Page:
Apesar do enorme progresso feito para que mais crianças estejam em sala de aula, estamos no meio de uma crise global de aprendizagem, onde um grande número de crianças conclui o ensino primário sem sequer possuir competencias básicas de literacia e numeracia. O que explica este fenómeno? Para responder a esta pergunta, considere os seguintes exemplos de salas de aula onde as chances de levar os alunos ao sucesso são improváveis.
A pesar del enorme progreso realizado en lograr que haya más niños en el aula, nos encontramos en medio de una crisis global de aprendizaje, donde un gran número de niños finalizan la educación primaria sin siquiera poseer las habilidades básicas de lectura, escritura y aritmética. ¿Qué explica este fenómeno? Para responder esta pregunta, considere los siguientes ejemplos de aulas donde las posibilidades de éxito de los estudiantes son muy bajas.
Despite tremendous progress in getting children into the classroom, we are experiencing a global learning crisis, where a large share of children complete primary school lacking even basic reading, writing, and arithmetic skills. What explains this phenomenon? To answer this question, consider the following examples of classrooms that are unlikely to put students on a path to success.
At the Annual Meetings of the World Bank Group and International Monetary Fund in Bali, Indonesia, the World Bank highlighted the importance of human capital for economic development.
Central to the World Bank’s motivation for the Human Capital Project is evidence that investments in education and health produce better-educated and healthier individuals, as well as faster economic growth and a range of benefits to society more broadly. As part of this effort to accelerate more and better investments in people, the new Human Capital Index provides information on productivity-related human capital outcomes, seeking to answer how much human capital a child born today will acquire by the end of secondary school, given the risks to poor health and education that prevail in the country where she or he was born.
“Ensure that all girls and boys have access to quality early childhood development, care and pre-primary education so that they are ready for primary education.” This is one of many important targets set by the United Nations General Assembly on September 27, 2015. How hard will it be to achieve this goal by 2030?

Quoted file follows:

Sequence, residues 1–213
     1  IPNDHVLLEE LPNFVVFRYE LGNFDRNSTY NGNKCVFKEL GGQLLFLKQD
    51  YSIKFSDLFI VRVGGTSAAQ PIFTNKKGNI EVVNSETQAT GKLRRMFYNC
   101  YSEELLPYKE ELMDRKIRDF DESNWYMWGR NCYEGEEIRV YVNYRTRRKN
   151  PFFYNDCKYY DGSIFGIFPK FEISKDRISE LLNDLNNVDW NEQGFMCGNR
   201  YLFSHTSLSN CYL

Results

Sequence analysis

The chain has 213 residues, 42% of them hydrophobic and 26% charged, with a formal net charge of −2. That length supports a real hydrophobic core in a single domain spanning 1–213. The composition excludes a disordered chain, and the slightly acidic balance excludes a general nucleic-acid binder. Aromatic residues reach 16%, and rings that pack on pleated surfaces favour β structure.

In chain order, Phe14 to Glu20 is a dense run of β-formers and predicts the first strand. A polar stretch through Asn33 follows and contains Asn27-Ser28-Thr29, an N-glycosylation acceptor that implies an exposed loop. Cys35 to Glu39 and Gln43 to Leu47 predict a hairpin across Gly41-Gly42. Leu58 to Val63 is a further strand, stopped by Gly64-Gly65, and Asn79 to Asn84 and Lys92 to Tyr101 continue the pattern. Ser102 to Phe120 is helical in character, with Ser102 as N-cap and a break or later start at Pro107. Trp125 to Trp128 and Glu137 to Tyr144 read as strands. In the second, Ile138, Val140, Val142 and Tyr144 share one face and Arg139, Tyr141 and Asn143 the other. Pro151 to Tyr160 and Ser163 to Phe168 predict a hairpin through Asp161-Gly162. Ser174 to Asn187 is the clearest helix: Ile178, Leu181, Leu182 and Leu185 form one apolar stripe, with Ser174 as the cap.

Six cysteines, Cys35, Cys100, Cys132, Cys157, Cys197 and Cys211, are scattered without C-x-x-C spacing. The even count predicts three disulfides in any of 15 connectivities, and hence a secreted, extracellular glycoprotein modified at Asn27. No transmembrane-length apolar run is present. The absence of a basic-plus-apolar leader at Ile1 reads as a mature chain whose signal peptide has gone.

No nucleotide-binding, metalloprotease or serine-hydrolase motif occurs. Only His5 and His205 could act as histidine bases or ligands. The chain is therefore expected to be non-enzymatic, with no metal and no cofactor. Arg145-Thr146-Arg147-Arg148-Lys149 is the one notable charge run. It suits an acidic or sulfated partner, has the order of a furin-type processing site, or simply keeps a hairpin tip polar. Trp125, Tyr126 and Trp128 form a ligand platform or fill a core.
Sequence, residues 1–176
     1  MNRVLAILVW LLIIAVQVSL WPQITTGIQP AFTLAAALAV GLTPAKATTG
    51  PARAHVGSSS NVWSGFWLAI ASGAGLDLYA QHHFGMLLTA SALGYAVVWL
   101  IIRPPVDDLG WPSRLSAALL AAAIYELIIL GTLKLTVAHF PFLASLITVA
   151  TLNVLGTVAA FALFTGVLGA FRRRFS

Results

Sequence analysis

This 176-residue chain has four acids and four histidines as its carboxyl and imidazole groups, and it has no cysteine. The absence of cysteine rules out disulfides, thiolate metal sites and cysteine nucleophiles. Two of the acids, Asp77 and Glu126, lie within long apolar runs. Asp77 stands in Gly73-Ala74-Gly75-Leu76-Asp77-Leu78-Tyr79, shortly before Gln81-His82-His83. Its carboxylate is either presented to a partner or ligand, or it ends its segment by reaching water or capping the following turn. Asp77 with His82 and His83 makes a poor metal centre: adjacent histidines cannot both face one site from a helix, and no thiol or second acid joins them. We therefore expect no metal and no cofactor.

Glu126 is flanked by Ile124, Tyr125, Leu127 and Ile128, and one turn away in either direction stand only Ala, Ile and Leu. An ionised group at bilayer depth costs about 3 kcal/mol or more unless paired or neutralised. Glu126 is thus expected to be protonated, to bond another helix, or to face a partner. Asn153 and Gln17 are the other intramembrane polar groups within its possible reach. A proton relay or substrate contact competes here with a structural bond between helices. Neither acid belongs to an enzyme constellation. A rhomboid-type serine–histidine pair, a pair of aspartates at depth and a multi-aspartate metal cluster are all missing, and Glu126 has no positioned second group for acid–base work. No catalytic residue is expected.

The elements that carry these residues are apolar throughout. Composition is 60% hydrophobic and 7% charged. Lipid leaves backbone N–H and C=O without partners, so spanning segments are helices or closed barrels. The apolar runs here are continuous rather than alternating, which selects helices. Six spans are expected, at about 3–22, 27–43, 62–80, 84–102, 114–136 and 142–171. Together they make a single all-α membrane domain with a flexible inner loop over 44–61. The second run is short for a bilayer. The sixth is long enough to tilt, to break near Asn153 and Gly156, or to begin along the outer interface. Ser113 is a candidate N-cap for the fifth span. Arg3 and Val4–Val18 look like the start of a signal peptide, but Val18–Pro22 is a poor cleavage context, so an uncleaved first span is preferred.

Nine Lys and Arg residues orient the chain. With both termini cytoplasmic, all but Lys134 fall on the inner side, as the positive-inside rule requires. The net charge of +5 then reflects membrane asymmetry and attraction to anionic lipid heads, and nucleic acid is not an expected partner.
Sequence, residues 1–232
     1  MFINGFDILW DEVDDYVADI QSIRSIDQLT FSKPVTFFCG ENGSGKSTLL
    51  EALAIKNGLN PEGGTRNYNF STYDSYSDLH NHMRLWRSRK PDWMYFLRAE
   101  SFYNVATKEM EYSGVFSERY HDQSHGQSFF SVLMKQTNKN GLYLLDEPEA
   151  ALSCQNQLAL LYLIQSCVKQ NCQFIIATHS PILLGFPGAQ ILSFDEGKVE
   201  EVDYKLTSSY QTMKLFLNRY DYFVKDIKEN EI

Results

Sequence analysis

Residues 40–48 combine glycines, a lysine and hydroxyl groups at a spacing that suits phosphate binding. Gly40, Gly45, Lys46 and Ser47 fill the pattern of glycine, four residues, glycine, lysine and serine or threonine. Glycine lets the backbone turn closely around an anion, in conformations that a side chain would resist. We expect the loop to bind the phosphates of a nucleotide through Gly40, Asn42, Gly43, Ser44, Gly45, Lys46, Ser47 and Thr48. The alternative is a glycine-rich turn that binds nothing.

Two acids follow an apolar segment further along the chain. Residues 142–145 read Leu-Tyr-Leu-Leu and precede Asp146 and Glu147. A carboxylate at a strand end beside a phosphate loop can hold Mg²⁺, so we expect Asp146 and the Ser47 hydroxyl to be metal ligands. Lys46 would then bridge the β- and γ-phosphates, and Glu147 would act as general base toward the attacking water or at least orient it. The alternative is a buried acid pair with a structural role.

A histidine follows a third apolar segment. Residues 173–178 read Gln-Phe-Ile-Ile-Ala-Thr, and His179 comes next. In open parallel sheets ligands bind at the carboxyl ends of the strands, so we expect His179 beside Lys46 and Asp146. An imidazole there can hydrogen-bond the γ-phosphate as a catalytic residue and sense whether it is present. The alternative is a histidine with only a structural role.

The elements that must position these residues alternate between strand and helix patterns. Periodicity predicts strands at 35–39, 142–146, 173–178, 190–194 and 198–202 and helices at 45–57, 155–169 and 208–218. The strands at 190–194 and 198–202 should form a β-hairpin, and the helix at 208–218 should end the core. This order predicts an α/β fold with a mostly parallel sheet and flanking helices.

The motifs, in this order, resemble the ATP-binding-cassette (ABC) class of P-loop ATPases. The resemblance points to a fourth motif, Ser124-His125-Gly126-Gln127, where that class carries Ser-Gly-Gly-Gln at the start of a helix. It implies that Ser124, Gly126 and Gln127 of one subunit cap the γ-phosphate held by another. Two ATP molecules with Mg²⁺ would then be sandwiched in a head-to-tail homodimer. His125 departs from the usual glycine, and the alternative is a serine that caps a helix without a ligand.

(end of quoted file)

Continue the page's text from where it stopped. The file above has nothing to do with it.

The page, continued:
“Asegurar que todas las niñas y todos los niños tengan acceso a servicios de atención y desarrollo en la primera infancia y educación preescolar de calidad, a fin de que estén preparados para la enseñanza primaria.” Este es uno de los muchos objetivos importantes establecidos por la Asamblea de la Organización de Naciones Unidas el 27 de septiembre del 2015. ¿Qué tan difícil resultará alcanzar este objetivo para el año 2030?
So much has been written recently about the individual, economic and social benefits of investing in early childhood development (ECD), that it is becoming a challenge to summarize these studies. However, ECD is an area that I’m increasingly involved in with my work at The World Bank. Among others, Nobel Laureate Economist, James Heckman and his colleagues have provided very convincing evidence of the benefits of early childhood interventions, including preschool education, on later individual and social outcomes (my colleague and fellow blogger, Jishnu Das looked at Heckman's work in his last blog post "Are Non-Cognitive Gains in Education More Important than Test-Scores?"). These benefits are substantial and varied, ranging from improved education outcomes for the individual, access to better jobs, higher wages, and even lower risks of engaging in criminal activities – which, of course benefits society as a whole. Moreover, investing early is a better investment than waiting until the child is older, because the costs of achieving comparable benefits through interventions later in life – remedial education in basic education, programs to target at-risk youth, and the like – are so much more costly and also less likely to have an impact.